Earlier this year week in my app I got a “Similar to Lil Uzi Vert” recommendation, which again was a grab bag combination of YouTube Music official playlists (“I’m A Boss”), albums (Culture II
), and artist pages (Lil Yatchy). I’ve written a lot about YouTube Music before
and after its launch
and how generally I feel the product is a painful Spotify clone—also what happened to Tuma Basa anyone. Beyond the basic interface of the two apps, which look almost exactly the same YouTube Music’s issue is that it doesn’t know how it wants its users to consume music. Too many options are put in front of the user, where the elegance of Spotify is that one can just press play and go.
(Ironically this is also the best quality of YouTube’s controversial auto-play feature, which YouTube Music oddly didn’t build more centrally into the app.)
Now to circle back to Apple Music albums over-performing compared to Spotify. After looking at bit more at Spotify’s free app, which is again is a larger user based than paying American Spotify users, I can’t say I’m shocked at this fact any longer. Non-paying Spotify users couldn’t even play through an album in the correct sequence, since the free version is limited across the board to shuffle mode. That means there is over 30 million Spotify users who are effectively isolated into a Spotify or personal playlist only listening experience, unless they’re on their desktop.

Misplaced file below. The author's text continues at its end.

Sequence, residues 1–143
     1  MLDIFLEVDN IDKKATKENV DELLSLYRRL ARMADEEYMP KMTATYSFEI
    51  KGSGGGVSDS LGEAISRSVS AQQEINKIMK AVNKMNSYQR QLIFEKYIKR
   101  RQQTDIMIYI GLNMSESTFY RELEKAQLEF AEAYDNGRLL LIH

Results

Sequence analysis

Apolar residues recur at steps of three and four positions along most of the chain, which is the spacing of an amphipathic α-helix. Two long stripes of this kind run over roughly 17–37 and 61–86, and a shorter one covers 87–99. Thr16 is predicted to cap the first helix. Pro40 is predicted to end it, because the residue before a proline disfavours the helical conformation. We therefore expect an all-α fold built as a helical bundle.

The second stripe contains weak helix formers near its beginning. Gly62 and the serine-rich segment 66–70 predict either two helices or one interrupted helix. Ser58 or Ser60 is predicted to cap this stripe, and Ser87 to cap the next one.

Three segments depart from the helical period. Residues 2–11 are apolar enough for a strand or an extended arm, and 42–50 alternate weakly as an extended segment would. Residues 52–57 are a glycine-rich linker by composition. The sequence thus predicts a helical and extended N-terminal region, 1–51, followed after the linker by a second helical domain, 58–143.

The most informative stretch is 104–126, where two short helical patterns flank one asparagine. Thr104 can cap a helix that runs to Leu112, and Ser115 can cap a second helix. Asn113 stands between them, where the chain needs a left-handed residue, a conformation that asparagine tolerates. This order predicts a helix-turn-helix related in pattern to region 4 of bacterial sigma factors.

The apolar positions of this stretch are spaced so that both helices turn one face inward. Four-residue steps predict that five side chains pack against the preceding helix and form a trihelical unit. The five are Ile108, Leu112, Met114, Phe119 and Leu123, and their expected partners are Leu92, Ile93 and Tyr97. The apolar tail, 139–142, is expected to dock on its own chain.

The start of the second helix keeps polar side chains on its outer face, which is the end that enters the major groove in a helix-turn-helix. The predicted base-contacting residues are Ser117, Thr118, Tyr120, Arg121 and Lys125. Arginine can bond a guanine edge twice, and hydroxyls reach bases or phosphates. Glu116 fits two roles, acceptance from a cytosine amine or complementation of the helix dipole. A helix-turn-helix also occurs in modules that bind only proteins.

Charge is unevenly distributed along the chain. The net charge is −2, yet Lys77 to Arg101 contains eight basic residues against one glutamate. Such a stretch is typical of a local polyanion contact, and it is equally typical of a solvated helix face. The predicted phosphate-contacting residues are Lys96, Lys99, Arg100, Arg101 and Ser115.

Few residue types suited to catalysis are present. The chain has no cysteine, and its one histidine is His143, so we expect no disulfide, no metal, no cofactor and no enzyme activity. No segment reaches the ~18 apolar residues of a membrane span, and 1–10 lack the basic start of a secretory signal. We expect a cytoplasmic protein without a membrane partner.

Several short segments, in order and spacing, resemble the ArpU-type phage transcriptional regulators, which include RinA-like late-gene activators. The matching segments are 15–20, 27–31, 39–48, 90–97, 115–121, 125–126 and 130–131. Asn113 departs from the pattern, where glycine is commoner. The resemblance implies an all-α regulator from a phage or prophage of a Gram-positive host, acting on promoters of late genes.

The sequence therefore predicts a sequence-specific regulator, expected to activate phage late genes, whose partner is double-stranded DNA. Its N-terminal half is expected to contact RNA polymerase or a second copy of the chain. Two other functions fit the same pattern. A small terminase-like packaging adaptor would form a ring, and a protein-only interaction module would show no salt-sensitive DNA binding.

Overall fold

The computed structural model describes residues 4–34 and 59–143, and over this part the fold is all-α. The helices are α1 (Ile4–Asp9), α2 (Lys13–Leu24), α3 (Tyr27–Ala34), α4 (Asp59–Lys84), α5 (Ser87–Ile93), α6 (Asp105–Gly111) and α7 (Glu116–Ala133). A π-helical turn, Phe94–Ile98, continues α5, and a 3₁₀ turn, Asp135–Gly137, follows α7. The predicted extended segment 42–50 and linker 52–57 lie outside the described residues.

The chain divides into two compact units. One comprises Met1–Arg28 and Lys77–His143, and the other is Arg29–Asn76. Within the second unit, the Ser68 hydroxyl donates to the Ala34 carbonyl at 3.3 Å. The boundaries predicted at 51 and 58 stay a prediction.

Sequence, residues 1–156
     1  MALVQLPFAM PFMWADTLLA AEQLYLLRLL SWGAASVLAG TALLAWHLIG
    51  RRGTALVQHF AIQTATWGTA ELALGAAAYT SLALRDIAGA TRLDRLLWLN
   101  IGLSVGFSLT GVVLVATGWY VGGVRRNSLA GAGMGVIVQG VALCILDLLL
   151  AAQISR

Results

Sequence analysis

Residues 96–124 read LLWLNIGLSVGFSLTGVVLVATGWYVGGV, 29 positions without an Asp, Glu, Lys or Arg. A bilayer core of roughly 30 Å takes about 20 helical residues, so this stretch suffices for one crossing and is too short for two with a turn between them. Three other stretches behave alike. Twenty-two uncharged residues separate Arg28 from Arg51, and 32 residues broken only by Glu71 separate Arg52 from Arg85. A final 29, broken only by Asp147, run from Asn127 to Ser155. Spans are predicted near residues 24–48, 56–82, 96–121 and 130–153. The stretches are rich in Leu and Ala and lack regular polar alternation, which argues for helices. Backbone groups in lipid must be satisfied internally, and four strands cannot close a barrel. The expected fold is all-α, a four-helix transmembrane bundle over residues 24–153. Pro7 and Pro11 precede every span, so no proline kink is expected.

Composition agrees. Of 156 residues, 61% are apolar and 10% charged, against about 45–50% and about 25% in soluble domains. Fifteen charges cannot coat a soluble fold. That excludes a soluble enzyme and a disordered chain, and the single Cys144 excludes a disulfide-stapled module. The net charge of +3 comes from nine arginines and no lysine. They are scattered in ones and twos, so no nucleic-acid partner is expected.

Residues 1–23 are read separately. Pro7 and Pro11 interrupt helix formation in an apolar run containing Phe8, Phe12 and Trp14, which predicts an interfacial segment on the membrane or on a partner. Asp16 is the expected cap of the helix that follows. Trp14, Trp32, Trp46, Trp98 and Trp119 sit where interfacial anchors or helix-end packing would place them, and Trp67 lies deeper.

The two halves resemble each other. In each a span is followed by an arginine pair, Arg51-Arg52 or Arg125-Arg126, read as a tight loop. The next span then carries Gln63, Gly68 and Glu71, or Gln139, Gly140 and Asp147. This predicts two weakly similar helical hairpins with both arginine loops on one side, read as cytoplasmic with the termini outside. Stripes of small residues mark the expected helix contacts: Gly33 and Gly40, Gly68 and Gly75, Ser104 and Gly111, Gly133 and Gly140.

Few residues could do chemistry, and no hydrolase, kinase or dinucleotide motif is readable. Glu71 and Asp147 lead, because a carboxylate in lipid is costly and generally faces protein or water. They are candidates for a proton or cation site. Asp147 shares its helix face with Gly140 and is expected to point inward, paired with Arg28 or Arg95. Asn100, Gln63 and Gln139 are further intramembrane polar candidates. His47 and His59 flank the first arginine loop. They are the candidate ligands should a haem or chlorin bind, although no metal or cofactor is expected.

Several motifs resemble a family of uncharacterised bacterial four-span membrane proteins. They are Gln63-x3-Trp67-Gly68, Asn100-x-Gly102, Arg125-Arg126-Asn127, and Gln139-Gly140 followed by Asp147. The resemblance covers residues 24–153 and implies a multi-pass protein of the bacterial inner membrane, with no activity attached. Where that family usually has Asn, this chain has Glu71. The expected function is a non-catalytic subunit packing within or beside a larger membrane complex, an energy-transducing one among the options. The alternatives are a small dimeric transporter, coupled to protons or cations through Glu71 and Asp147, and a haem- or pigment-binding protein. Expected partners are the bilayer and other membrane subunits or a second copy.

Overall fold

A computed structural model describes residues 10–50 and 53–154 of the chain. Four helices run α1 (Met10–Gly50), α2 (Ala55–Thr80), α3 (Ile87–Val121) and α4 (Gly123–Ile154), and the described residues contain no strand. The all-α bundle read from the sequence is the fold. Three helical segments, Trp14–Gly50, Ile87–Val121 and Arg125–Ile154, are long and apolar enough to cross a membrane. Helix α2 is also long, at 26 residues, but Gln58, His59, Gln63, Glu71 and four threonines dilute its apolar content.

Last decade in the 2000s when iPods were huge there was an idea that you could have thousands of songs in a single place and access all of these random MP3s, legal or not legal, but the burden of choice was on the music consumer not on the platform itself. Spotify, and Pandora it should be noted, offers the opposite. Instead there is access to all music but choice and ownership are disconnected. An successful artist on Spotify can be completely fan driven but the platform is design fairly well to AstroTurf and mask acts who may only have one song on a few major playlists but are positioned to be huge.
YouTube by comparison arrived in the iPod era, where the onus of consumption was on the user to know what they want and to seek it out and curate from there. YouTube Music finds a rather squishy middle ground because YouTube’s recommendation system is the best of any platform and yet the app isn’t centered on that system. Instead there is no center, because the app cannot decide if they’re catering towards super fans or people who’d rather just let the algorithm take them for a ride.